Kubernetes Job Failure and Concurrency Considerations 

    Kubernetes job is just a container running. As with any container, the final exit code determines if the run was successful or not. So, the job failed with a code other than 0, means the job has failed. There can be many reasons for a k8s job failure. Like running out of disk spaces.  

    When a k8s job fails, you can easily investigate logs and see what has happened. To do that, you can use;  

    kubectl command. 
    kubectl logs job.batch/sample-job 

    The Pod Failure Limit

    A pod can exceed its memory request if the Node has memory available. But a pod is not allowed to use more than its memory limit. If a pod allocates more memory than its limit, the pod becomes a candidate for termination. If the pod continues to consume memory beyond its limit, the pod is terminated. 

    Limiting Kubernetes Job Execution Time 

    In another words, limiting the execution time is like giving a fixed deadline for the job to finish.  

    The best way to limit job execution time is setting activeDeadlineSeconds within the spec section of the job definition file. 

    As you can see here, we have set the activeDeadlineSeconds to 20. Which means, this job creation will last only 20 mins. After that, all running pods will be terminated. And the Job status will become type: Failed with reason: DeadlineExceeded.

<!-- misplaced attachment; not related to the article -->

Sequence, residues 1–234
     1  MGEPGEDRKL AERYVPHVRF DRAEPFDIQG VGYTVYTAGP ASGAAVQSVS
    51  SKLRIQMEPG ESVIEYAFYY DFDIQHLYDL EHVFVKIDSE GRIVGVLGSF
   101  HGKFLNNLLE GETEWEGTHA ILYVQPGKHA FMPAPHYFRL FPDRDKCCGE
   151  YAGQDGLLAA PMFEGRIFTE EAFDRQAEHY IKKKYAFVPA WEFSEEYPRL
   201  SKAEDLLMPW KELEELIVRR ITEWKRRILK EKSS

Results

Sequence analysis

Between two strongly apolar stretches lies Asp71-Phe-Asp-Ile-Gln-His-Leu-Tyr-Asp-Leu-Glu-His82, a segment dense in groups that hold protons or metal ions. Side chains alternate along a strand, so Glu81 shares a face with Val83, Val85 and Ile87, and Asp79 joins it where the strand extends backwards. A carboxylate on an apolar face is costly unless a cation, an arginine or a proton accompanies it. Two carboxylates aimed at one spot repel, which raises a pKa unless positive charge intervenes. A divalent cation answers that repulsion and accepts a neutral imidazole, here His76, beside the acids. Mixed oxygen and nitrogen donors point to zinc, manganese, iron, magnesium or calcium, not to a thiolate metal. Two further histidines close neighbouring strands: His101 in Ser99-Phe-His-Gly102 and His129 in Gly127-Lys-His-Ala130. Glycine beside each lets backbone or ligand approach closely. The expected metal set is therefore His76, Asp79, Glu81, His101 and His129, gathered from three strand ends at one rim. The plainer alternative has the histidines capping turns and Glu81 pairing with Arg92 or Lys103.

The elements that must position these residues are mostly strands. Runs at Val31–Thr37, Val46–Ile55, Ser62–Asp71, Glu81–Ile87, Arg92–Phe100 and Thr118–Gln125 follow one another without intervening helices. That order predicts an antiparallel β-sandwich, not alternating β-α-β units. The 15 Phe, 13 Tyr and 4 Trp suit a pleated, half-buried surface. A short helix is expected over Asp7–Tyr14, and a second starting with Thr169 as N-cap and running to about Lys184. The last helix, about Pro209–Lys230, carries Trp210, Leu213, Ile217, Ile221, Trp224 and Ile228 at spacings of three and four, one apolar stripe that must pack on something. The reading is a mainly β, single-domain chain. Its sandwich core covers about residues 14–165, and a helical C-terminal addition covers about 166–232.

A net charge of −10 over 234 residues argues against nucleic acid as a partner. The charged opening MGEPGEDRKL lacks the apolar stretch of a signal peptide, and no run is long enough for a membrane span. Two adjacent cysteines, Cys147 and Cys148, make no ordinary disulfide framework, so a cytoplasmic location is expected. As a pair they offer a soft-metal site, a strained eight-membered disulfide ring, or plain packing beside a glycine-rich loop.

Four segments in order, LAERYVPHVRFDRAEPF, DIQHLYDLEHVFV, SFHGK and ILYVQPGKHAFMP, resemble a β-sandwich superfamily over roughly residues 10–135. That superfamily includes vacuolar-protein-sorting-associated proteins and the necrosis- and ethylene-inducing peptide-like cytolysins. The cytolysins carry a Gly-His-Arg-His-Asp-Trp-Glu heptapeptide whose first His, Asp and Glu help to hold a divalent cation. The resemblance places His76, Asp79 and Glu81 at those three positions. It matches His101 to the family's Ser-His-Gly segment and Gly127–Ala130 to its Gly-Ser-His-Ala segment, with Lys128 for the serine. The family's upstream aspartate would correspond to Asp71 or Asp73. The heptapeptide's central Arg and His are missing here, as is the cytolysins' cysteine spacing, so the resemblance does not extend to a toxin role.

Kubernetes Job Deletion and Cleanup 

    When a k8s job is referred to as complete, that means it is finished creating pods. Or all the pods are created successfully. So, there is no more pod creation or execution happening. When the pods are created, you can use the kubectl commands to check logs and see errors or warnings in the pods. It is up to the user to delete the jobs. The best way to delete a job is using kubectl command like below. Let us assume that you have a job definition file named sample-job.YAML.  

    kubectl delete –f sample-job.YAML 

    This will delete all pods that were created with the sample-job.YAML file.  

    By default, a job will execute uninterrupted unless there is a pod failure. Another way that we can fail the job is by defining a spec.backoffLimit in the job definition file. We use seconds to define that.  Once the spec.backoffLimit is set and time is reached, the job is marked as failed, and any running pods will be terminated.  

    Another way of terminating the job is by setting an active deadline. Not just to fail the job, we can use that property to limit the execution time of the job. But the final result is the same. We can do this by setting the spec.activeDeadlineSeconds. Once the time is reached, all running pods created by the job are terminated. And the status of the job is set to type: Failed with reason: DeadlineExceeded 

    Note that the activeDeadlineSeconds take priority compared to the backoffLimit. Even if the backoffLimit is not reached and the activeDeadlineSeconds is reached, the job will be terminated.  

    Furthermore, if you wish to learn more about Docker and Kubernetes, best way to learn Docker and Kubernetes is a good course for you. Not just the training, it will lead you to a certification as well. 

    Kubernetes Jobs Use Cases 

    Running Automated Tasks with a CronJob